For a darker take on the fancy dress party there’s Optimo (Espookio) (Sub Club, Glasgow, Sun 2 Nov). Expect the quirkiest costumes to match the ever eclectic soundtrack of underground oddities plus a live set from Cold Cave and their twisted electro pop (they also guest at Playdate at Sneaky Pete’s, Edinburgh, Sat 31 Oct).
The Arches in Glasgow hosts two big Halloween parties with techno and house from Pressure (Slam are joined by Green Velvet, Robert Hood and more on Fri 30 Oct) and trance and hard house from Inside Out (featuring Marcel Woods and Headhunterz amoung others on Sat 31 Oct).
For techno action JakN returns for a one off date combining both its sixth birthday celebrations and its Halloween party (GRV, Edinburgh, Sat 31 Oct). Metro Soul host their first ever Halloween party of underground house with guest Hector Moralez (Ad Lib, Glasgow, Sat 31 Oct). There’s a Warehouse Halloween Afterparty at SWG3 (Glasgow, Sat 31 Oct) with a gothic/rockabilly theme. There’s a techno showdown at Bleep vs Kreep with live guest Dexter (Universal, Glasgow, Sat 31 Oct).
If you fancy something with a bit more groove check out the Soulsville Halloween Motown Special (Mono, Glasgow, Fri 30 Oct). Rock’N’Shock (Stereo, Glasgow, Fri 30 Oct) mix up rock, electro punk, grime and breaks with Warlock (Rag And Bone Records), live guests Fangs, The Evil Eye and more. Classic Grand (31 Oct) offer a soundtrack of punk, emo, indie, rock and metal with £500 worth of cash prizes to be won. There’s spooky tunes and live music (from Asazi Space Funk Explosion) at Trouble, (Voodoo Rooms, Edinburgh, Sat 31 Oct). For mixed up funk, house, beats, hip hop and funk head to the Horrible Halloween Headspin (Bongo Club, Edinburgh, Sat 31 Oct) and they state: ‘freaky fancy dress costumes are encouraged, giving those that have made an effort ultra cheap entry’.
O is for Oration
As part of the Scottish International Storytelling Festival, the Storytelling Centre in Edinburgh will be hosting a special event of tales from the ‘otherworld’. Huddle close as storyteller Linda Williamson introduces a selection of stories from guest readers. There might also be a bit of dancing and singing thrown in for good measure.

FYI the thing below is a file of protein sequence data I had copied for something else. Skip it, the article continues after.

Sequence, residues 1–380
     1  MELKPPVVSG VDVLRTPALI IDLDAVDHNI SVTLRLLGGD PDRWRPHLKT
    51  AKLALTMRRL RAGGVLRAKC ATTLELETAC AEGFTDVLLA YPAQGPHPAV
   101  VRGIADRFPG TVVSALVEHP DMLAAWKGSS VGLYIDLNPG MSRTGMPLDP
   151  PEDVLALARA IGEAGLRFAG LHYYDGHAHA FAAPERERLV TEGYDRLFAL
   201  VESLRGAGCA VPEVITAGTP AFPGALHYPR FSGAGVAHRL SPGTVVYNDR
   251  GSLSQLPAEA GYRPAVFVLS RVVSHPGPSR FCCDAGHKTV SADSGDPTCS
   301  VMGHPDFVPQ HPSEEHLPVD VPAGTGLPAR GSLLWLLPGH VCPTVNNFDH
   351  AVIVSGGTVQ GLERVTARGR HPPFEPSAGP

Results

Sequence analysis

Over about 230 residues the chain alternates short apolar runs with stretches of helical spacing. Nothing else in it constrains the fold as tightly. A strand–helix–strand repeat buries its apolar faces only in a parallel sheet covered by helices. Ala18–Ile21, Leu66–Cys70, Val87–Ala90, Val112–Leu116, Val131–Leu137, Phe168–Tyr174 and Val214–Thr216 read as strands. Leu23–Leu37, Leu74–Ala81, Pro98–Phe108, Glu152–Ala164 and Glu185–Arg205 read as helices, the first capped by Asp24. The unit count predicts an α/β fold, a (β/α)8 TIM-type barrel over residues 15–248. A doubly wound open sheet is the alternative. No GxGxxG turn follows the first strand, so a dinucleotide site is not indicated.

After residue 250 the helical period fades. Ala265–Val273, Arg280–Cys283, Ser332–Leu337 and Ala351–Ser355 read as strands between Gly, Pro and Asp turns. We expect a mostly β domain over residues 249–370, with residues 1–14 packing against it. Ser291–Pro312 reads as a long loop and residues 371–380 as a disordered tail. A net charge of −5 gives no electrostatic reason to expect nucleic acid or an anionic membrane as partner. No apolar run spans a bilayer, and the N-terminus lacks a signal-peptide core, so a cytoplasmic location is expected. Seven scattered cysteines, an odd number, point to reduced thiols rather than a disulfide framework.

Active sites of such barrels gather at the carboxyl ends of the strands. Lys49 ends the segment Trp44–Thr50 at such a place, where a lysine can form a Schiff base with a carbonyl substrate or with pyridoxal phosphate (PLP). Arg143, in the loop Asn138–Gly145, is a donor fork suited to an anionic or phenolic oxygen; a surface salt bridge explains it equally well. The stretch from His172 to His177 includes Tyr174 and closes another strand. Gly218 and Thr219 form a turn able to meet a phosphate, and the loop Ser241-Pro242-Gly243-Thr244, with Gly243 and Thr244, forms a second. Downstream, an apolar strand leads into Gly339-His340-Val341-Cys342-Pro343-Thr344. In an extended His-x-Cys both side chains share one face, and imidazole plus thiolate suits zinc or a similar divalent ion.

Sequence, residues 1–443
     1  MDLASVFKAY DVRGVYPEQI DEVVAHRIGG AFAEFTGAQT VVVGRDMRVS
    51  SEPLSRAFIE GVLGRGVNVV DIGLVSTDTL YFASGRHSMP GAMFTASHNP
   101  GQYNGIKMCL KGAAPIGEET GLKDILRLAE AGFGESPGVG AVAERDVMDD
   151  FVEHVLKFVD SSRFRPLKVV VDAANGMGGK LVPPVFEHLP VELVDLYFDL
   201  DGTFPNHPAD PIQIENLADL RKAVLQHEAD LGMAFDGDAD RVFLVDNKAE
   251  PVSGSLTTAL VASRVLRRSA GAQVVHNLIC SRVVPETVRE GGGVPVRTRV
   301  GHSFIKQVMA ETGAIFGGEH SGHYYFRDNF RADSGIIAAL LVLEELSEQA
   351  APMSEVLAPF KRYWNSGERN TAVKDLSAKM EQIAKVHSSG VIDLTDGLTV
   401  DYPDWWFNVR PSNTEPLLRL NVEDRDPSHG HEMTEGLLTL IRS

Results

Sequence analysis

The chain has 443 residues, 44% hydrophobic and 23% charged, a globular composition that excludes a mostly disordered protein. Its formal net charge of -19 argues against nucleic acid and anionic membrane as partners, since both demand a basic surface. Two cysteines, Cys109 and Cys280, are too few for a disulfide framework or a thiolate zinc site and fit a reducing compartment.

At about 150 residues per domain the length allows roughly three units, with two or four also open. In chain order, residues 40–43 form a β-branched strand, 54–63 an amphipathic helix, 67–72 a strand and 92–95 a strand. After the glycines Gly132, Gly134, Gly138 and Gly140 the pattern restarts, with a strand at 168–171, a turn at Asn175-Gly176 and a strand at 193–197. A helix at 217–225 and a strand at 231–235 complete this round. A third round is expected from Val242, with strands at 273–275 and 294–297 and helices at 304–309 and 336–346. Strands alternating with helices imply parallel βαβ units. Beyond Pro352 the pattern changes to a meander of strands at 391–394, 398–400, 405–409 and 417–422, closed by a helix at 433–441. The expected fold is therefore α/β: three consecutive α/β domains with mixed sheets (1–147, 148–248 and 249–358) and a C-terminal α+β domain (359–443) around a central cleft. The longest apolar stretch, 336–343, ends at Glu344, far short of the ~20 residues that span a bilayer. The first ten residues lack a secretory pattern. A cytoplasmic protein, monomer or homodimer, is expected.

Night of the Circle: Stories from the Otherworld, Scottish Storytelling Centre, 43-45 High Street, Edinburgh, 0131 473 2000, Sat 31 Oct, 7.30pm, £10 (£8).
P is for Paranormal Activity
It started as a no budget fright film, somehow found its way into Steven Spielberg’s hands (he was so freaked out by the film he refused to let the preview disc back into his home) and now Paranormal Activity is set to become the buzz film of 2009. Heralded by many as the scariest film of the year, it purports to be home-video footage from a couple who set out to capture the weird events going on at night in their suburban home.
After chasing distribution for years it was finally picked up by DreamWorks with director Oren Peli pencilled in to remake his own film on a bigger budget. But the no frills ‘found footage’ approach was so effective they canned the remake option.
The fan reaction has been frenzied. Released in the US exclusively at midnight screenings, it was drip fed to the public with sold out theatres and more and more fans clicking on the ‘Demand It’ website (www.eventful.com/paranormalactivity) to bring the movie to their city (with a full nationwide US release promised if the counter reaches 1,000,000). It’s a film lead by public demand that has created a new and unique distribution network. Witness the phenomenon when it hits the UK on 27 Nov.
Q is for Queen Elizabeth Forest Park